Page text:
However, the HIPAA Privacy Rule (45 CFR Parts 160 and 164) applies to all exempt research that uses protected health information (PHI). Privacy Rule requirements do not apply to exempt research using information that has been de-identified. For more information on human subjects research and the HIPAA Privacy Rule, see UW-Madison's HIPAA Compliance website.

Exemption Categories

Category 1: 

Research conducted in established or commonly accepted educational practices that are not likely to adversely impact students’ opportunity to learn required educational content or the assessment of educators who provide instruction. This includes most research on regular and special education instructional strategies and research on the effectiveness of or the comparison among instructional techniques, curricula, or classroom management methods.

Category 2: 

Research that only includes interactions involving educational tests (cognitive, diagnostic, aptitude, achievement), survey procedures, interview procedures or observation of public behavior (including visual or auditory recording).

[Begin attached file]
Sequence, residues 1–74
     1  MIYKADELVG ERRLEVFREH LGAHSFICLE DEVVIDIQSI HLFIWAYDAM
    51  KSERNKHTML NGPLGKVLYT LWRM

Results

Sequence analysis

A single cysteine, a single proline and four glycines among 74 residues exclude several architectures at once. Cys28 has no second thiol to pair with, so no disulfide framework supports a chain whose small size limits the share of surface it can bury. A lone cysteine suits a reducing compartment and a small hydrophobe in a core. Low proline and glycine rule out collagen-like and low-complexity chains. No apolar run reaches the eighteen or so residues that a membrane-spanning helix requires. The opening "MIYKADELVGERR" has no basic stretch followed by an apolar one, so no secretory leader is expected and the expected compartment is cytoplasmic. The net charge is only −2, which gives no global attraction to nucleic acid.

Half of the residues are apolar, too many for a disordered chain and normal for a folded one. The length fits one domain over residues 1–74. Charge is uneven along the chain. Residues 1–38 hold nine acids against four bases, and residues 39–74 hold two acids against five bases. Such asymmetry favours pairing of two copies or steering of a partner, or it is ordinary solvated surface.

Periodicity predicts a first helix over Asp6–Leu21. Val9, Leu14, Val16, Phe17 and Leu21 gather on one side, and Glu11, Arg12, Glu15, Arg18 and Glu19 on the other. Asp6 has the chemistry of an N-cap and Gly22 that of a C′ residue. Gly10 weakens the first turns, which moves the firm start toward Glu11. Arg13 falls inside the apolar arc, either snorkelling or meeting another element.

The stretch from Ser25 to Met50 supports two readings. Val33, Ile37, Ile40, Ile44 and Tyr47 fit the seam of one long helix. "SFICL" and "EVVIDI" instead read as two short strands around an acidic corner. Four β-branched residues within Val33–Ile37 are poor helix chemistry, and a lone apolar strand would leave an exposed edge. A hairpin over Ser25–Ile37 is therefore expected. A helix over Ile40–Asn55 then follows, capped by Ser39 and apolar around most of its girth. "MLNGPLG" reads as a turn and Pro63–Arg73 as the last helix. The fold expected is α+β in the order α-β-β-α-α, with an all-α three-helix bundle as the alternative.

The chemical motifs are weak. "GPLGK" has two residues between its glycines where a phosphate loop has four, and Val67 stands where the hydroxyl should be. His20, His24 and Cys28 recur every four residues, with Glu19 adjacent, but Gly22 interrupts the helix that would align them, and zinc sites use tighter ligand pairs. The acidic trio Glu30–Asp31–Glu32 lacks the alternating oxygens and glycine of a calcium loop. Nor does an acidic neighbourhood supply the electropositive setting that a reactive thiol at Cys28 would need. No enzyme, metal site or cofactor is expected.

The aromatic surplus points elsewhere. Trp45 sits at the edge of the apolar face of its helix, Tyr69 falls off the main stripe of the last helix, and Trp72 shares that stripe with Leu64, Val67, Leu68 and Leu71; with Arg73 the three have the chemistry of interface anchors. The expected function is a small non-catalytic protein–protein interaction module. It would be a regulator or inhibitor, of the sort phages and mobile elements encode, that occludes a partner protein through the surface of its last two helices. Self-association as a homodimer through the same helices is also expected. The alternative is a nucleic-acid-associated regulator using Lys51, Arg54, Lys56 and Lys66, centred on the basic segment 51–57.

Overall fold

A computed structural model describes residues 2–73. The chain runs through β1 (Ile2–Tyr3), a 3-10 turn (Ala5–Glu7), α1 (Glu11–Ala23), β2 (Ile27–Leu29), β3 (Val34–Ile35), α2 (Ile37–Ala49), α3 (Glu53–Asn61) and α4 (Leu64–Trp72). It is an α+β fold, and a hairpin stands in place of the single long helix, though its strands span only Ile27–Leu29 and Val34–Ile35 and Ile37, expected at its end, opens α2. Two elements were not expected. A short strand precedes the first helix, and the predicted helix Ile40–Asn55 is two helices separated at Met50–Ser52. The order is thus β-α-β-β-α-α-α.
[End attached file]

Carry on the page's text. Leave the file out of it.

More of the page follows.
Notes: 

The following is not allowed under this exemption category:
  • Interventions
  • The collection of biospecimens
  • Linking to additional personally-identifiable data
  • Research with children, except for research involving educational tests (cognitive, diagnostic, aptitude, achievement) or observation of public behavior if the investigator does not participate in the activities being observed
Related Guidance: 
Category 3: 

Research involving benign behavioral interventions (i.e., brief in duration, harmless, painless, not physically invasive, not likely to have a significant adverse lasting impact on or be offensive or embarrassing to the subjects) with adult subjects who prospectively agree to the intervention and collection of information through verbal or written responses (including data entry) or audiovisual recording.